Presentation Title

Update: Mapping Oregon white oak trees within the Regional Conservation Strategy boundary

Presenter(s) Information

Lori Hennings, MetroFollow

Start Date

5-2-2018 11:30 AM

End Date

5-2-2018 11:40 AM

Abstract

The Oak Prairie Work Group’s Oregon white oak map is nearly complete. All areas within the >2,800-square mile Intertwine Alliance Regional Conservation Strategy (RCS) boundary will be finished by June 30, 2018. We will describe the mapping process and show the results. Purpose: This work fulfills a high priority RCS goal. The results will be used to update RCS habitat maps; prioritize important oak habitat and connectivity areas; and support effective, collaborative habitat protection, stewardship and education. Methods: In 2012 we collected field samples of oak habitat to help develop a potential remote sensing model approach. From 2013-2015 Metro used thousands of oak tree locations collected by >180 community scientists, plus points collected via aerial photographs, to refine model iterations. Despite our best efforts, models substantially overestimated the amount of oak, partially due to the hundreds of tree species present in urban areas. We needed more accurate information. We became skilled at identifying oak trees from aerials by checking every oak point collected by community scientists. In 2015 we abandoned remote sensing efforts and began to systematically hand-map oak trees using aerial photos. Results: Approximately 10% of all mapped oaks are in protected areas. The results show clear spatial patterns in oak distribution, including large patches and potential wildlife connectivity pathways in both urban and rural areas. Many fall outside of RCS “high value habitat” areas modeled in 2012, which lacked oak data at the time. We will freely share the data and are currently developing data viewing tools.

Presentation Option

Yes

Subjects

GIS / modeling, Habitat assessment, Habitat restoration

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Feb 5th, 11:30 AM Feb 5th, 11:40 AM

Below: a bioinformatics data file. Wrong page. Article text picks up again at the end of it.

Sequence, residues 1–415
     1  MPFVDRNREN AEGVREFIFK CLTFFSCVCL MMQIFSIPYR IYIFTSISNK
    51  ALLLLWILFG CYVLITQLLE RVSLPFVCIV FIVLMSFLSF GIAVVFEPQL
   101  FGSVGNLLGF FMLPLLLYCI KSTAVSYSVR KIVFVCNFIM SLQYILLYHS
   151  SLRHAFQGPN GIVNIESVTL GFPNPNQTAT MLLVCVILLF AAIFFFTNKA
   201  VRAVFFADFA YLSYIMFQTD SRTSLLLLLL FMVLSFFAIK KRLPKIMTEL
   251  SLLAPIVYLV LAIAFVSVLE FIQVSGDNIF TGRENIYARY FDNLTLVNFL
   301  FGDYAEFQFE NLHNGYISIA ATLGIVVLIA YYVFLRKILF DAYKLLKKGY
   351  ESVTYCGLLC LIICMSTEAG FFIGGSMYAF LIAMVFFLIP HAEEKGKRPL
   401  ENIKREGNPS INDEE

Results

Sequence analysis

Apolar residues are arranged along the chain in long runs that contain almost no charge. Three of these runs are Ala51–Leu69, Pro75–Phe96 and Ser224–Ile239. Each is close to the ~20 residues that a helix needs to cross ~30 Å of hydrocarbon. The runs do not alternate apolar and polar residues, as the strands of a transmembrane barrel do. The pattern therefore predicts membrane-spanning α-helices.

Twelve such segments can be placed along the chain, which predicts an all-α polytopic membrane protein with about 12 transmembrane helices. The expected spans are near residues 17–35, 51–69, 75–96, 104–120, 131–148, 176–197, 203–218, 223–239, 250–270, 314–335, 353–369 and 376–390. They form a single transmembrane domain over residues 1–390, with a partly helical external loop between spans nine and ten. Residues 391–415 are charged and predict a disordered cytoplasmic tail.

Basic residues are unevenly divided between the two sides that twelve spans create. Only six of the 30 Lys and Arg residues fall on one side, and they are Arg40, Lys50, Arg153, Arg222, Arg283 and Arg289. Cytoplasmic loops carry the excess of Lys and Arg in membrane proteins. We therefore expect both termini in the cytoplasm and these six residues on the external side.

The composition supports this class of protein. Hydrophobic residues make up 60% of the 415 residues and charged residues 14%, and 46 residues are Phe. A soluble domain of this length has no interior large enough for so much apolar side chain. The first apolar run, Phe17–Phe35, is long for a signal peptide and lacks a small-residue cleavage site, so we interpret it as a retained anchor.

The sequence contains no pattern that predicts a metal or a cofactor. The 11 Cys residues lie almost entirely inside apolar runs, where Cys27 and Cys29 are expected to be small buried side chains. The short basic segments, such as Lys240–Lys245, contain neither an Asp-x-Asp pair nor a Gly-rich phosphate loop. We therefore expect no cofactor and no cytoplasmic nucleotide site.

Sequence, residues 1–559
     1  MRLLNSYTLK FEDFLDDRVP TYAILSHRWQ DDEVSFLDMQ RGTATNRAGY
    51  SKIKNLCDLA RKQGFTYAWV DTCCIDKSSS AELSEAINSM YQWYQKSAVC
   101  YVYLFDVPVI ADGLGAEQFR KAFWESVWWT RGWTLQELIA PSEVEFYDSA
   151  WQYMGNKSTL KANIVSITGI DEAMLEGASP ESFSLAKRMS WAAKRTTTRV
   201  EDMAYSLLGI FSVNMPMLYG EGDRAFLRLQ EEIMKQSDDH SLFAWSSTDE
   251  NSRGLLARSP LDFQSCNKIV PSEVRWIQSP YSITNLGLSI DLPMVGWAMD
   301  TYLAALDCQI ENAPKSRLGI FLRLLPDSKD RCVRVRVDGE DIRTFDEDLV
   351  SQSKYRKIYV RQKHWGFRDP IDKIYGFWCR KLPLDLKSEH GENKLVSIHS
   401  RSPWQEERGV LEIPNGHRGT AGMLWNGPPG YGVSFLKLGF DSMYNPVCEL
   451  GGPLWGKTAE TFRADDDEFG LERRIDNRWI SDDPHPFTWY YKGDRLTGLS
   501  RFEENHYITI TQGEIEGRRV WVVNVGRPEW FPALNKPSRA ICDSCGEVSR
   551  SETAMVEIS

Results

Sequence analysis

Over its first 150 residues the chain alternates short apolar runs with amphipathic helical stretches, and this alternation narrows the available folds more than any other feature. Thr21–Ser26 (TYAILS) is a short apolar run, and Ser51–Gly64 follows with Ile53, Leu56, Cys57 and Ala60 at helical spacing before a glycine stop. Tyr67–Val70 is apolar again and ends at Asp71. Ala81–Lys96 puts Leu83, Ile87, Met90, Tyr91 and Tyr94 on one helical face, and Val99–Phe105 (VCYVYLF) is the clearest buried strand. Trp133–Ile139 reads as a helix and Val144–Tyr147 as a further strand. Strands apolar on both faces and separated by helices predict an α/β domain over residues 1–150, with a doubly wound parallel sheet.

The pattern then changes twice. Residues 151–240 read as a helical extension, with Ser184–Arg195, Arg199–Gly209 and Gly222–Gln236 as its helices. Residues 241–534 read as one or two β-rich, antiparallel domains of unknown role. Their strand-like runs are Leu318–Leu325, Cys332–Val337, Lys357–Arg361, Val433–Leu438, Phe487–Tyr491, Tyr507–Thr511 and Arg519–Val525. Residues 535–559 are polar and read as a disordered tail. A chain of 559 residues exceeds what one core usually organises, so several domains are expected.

Update: Mapping Oregon white oak trees within the Regional Conservation Strategy boundary

The Oak Prairie Work Group’s Oregon white oak map is nearly complete. All areas within the >2,800-square mile Intertwine Alliance Regional Conservation Strategy (RCS) boundary will be finished by June 30, 2018. We will describe the mapping process and show the results. Purpose: This work fulfills a high priority RCS goal. The results will be used to update RCS habitat maps; prioritize important oak habitat and connectivity areas; and support effective, collaborative habitat protection, stewardship and education. Methods: In 2012 we collected field samples of oak habitat to help develop a potential remote sensing model approach. From 2013-2015 Metro used thousands of oak tree locations collected by >180 community scientists, plus points collected via aerial photographs, to refine model iterations. Despite our best efforts, models substantially overestimated the amount of oak, partially due to the hundreds of tree species present in urban areas. We needed more accurate information. We became skilled at identifying oak trees from aerials by checking every oak point collected by community scientists. In 2015 we abandoned remote sensing efforts and began to systematically hand-map oak trees using aerial photos. Results: Approximately 10% of all mapped oaks are in protected areas. The results show clear spatial patterns in oak distribution, including large patches and potential wildlife connectivity pathways in both urban and rural areas. Many fall outside of RCS “high value habitat” areas modeled in 2012, which lacked oak data at the time. We will freely share the data and are currently developing data viewing tools.